E-cig regulation should be realistic and ensure product quality, said Farsalinos.
“It would make little sense to create a regulation that would be expensive or difficult to comply. This would result in the elimination of electronic cigarettes and the creation of an uncontrolled black market. Both consequences will end-up protecting tobacco cigarette sales while no quality standards can be expected from black market products.”
He stressed the importance of regulations to ensure that e-cigs do not target never-smokers and youth.
“Selling of e-cigarettes to people below 18 years old should be banned, with heavy fines imposed on violators. There should be specific regulatory restrictions—not a ban—on e-cigarette advertising and marketing and proper education that e-cigarettes should be used as smoking substitutes only.”
According to Farsalinos, regulation should create a competitive advantage for e-cigs over tobacco cigarettes.
“Unfortunately, tobacco cigarettes are very cheap to make and generate a lot of profits for the industry. On the other hand, e-cigarettes are technology products; thus, they are, by definition, more expensive to produce than tobacco products.” He called on legislators to create regulation that would motivate smokers to switch to e-cigarettes and completely quit smoking. “E-cigarettes should be taxed lower than tobacco cigarettes.”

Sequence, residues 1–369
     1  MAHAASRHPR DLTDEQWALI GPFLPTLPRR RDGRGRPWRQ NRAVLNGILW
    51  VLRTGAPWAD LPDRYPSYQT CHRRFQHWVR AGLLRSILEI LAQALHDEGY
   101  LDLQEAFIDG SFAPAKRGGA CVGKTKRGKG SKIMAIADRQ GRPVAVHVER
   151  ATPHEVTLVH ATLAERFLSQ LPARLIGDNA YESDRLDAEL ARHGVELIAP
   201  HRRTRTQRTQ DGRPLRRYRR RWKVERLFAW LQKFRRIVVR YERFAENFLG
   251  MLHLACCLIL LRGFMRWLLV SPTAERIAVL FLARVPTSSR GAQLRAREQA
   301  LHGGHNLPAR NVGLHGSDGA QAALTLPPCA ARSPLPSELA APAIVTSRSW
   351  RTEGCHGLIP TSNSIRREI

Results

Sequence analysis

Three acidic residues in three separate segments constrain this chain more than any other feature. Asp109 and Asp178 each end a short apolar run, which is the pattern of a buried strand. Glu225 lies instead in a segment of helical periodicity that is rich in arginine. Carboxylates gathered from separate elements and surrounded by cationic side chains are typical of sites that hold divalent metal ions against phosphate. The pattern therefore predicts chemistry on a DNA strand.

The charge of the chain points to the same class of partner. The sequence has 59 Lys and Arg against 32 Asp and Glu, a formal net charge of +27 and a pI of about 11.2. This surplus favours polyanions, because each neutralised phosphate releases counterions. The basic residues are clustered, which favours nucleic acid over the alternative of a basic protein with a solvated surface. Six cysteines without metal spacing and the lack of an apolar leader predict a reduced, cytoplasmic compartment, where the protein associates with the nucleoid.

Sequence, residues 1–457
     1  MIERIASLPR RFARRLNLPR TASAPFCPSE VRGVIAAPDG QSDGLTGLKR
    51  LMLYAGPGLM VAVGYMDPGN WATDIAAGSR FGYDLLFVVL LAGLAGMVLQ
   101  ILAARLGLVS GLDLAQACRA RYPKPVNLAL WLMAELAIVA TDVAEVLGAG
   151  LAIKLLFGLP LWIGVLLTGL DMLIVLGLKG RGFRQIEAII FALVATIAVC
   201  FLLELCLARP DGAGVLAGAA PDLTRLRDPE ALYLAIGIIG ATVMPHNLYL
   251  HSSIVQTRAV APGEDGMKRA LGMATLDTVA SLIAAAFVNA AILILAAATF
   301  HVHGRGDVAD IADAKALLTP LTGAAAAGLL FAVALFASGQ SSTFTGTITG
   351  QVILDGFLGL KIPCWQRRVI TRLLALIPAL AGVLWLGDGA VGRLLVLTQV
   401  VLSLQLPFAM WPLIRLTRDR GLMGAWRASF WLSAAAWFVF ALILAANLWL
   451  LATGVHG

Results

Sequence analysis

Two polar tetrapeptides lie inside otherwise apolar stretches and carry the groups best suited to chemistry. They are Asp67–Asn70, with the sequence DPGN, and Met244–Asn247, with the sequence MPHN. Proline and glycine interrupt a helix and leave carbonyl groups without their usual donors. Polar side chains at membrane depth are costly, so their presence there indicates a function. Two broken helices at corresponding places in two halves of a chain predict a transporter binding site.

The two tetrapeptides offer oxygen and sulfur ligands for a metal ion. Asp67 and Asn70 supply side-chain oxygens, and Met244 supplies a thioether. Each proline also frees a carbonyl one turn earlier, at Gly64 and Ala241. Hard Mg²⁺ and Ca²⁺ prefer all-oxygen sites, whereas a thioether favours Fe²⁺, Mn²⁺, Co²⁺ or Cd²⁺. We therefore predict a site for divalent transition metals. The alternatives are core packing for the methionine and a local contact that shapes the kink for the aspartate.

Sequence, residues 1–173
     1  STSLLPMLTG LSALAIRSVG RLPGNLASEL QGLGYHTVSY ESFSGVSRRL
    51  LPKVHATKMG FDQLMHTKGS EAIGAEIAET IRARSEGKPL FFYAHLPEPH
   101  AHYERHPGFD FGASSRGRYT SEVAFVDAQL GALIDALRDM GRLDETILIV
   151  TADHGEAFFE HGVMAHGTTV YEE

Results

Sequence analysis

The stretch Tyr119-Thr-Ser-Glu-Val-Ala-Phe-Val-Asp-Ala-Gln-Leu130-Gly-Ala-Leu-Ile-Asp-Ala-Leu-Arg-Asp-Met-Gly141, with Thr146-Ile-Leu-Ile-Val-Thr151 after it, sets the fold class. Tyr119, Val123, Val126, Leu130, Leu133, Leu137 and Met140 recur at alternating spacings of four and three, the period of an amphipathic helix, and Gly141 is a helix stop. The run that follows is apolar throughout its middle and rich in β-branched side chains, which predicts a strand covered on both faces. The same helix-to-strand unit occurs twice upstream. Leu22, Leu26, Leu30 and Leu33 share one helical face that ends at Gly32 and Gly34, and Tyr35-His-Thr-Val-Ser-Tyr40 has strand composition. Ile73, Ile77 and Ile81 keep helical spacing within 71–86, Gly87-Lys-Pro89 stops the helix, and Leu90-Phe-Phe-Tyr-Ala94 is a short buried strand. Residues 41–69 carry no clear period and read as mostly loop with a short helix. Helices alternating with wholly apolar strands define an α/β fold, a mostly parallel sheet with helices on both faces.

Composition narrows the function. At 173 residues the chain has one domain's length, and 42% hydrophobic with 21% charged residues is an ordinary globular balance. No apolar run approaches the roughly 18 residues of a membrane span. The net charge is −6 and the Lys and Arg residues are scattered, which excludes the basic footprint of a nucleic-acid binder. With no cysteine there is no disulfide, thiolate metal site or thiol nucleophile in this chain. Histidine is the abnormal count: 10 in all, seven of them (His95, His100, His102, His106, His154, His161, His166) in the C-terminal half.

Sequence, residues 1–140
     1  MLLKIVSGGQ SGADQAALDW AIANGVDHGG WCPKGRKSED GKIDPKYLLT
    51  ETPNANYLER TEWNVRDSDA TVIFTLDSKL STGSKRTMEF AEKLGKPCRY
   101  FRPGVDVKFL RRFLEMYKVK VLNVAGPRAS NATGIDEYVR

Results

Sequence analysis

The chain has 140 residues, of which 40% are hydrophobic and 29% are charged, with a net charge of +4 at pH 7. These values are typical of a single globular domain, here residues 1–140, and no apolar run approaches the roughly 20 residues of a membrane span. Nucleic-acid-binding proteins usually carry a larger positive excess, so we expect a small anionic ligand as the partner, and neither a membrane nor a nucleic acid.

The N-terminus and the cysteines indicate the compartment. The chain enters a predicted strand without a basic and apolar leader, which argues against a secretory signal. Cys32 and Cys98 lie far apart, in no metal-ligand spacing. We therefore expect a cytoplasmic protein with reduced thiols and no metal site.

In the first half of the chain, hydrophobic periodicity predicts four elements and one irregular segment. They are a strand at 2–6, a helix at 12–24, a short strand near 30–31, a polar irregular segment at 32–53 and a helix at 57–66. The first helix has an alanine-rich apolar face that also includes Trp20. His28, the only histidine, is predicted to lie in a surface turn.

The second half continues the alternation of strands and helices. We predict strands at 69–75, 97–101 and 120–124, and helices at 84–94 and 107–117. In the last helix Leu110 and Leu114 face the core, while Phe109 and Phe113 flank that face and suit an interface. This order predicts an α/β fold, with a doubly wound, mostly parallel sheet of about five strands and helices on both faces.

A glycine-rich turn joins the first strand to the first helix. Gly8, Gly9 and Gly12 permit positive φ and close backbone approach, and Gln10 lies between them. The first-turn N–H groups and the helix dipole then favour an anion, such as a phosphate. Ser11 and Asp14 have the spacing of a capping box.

The Greek academic stressed that regulation should classify e-cigs as consumer products with specific rules and restrictions.
“The success of e-cigarettes as smoking substitutes is based on their use as consumer products.” He recommended regulation that allows innovation and development of better and even safer e-cigarette products. “Being technology products, e-cigarettes have evolved at a rapid pace in recent years. Currently, available products are safer and more effective as smoking substitutes than the products available a few years ago because of the use of better materials.” Such innovations provide a better experience for smokers and a more effective way of alleviating smoking cravings, he added.
“I encourage the Philippines to follow the lead of other countries that have looked at the evidence with an open mind and made decisions that will eventually eliminate smoking,” Farsalinos said.
He cited how the UK’s National Institute of Clinical Excellence actively recommends that healthcare workers advise smokers about the potential of e-cigs as smoking cessation aids, while the UK Parliament Science and Technology Committee recommended an even more liberal regulatory framework for e-cigarettes to further strengthen their effectiveness as a smoking cessation measure.
“Vape shops are now opening in public hospitals in the UK. All these indicate the acceptability of evidence of safety and efficacy of these products and the valuable prospects of strengthening the tobacco control measures through a harm reduction strategy with electronic cigarettes. Canada, New Zealand, and Switzerland are also following a similar path,” he said.
Behold God’s glory and seek His mery.
Pause and pray, people